Friday, 25 March 2016
A Good Friday tradition: The Widow's Son
Nine years ago, I heard about a pub in the East End that kept a wonderful tradition every Good Friday. A hot cross bun would be added to a collection of hot cross buns that had grown each year. This tradition started after a woman, whose son had left home to be a sailor, baked a hot cross bun in preparation for his return. He never returned home, but she never lost hope, and continued to bake a bun for him each year.
So my friends and their six-month-old baby went to The Widow's Son in Bromley-by-Bow, and sat in the beer garden on a Good Friday as beautiful and sunny as today's. When it was time for a sailor to add a new bun to the net of old buns (most of which, heartbreakingly, had been destroyed in a fire), we went over but found it hard to get decent photos, being so far back. So here's one, which I took before we left. And the sign outside the pub.
There's a lovely post here, with some much better photos - the blogger spoke to some of the people who have been involved in the tradition.
As for me, I just love the continuing bond of the mother and her son, which is still being honoured now, long after both have died. I think it's beautiful testament to the strength of love, and the need to express sadness and hope and all of the other feelings that come up weeks, months, years, decades after a bereavement.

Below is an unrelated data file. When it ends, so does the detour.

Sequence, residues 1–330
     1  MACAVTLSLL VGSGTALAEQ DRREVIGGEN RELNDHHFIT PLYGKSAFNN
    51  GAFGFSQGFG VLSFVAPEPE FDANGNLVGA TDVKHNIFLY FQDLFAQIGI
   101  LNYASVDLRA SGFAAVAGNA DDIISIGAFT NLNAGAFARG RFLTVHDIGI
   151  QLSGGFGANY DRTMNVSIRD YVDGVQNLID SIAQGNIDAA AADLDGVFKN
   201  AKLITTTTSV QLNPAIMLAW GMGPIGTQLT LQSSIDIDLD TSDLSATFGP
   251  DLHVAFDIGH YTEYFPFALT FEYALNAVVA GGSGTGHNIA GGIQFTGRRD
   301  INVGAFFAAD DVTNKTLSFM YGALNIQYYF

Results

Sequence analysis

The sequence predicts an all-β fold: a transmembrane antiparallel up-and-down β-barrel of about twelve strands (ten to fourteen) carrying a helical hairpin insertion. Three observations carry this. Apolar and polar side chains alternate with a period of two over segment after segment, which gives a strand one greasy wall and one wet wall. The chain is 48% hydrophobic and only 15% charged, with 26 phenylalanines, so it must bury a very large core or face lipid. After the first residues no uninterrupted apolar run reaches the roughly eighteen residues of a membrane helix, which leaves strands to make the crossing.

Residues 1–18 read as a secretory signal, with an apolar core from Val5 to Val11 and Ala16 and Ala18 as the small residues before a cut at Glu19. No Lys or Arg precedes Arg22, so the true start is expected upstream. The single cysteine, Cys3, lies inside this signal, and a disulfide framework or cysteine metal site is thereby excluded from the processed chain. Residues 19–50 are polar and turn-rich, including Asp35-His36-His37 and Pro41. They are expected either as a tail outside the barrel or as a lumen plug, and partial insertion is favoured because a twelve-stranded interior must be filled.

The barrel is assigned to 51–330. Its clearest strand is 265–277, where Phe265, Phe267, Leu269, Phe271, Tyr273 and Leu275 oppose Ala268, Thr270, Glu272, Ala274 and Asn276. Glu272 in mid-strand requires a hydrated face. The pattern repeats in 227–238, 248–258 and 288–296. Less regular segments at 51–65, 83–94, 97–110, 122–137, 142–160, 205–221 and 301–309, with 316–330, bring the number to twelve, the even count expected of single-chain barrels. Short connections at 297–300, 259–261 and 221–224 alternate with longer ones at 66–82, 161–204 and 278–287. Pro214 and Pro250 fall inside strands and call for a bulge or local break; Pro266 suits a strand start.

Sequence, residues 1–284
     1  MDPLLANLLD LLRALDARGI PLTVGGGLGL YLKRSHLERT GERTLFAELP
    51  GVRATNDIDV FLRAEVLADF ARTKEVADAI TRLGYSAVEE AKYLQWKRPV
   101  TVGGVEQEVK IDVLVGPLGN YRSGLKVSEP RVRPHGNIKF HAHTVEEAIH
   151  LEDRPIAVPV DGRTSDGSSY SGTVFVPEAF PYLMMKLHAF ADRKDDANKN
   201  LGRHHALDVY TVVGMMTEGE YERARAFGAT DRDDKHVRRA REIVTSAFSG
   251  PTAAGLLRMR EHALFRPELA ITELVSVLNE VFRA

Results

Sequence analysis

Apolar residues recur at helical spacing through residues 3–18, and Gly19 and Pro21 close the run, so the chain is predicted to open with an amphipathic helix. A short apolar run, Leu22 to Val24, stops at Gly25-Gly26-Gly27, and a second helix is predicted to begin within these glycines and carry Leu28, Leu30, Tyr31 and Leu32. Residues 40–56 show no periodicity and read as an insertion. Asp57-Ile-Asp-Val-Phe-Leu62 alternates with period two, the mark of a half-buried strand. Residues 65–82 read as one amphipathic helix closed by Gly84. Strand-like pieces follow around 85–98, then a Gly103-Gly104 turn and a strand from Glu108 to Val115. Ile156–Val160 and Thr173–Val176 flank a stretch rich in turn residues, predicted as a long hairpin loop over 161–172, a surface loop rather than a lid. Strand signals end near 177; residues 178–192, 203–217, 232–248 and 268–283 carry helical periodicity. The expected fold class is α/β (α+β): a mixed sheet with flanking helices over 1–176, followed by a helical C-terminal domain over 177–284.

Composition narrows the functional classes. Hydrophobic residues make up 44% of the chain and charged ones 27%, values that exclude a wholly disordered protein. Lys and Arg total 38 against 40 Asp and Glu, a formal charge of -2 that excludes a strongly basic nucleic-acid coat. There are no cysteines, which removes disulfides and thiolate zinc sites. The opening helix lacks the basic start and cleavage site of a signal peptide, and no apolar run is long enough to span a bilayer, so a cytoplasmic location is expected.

Looking at the photos now reminds me of a couple of things I saw in Liverpool last October: an exhibition at the Museum of Liverpool on women and poppies, which included a talk about white poppies. These were originally worn by women whose sons had died in the war. However, they were criticised for wearing white poppies instead of red, even though they were expressing their own, very personal loss.
It also made me think of Tracey Emin's neon artwork which hangs in the gothic cathedral on Liverpool's Hope Street. I first saw it there when I visited Liverpool in 2010, and I was relieved to see it was still there last year. It could be read in so many different ways, and I think that's one of the loveliest things about art: that very personal, emotional connection we might have with some pieces.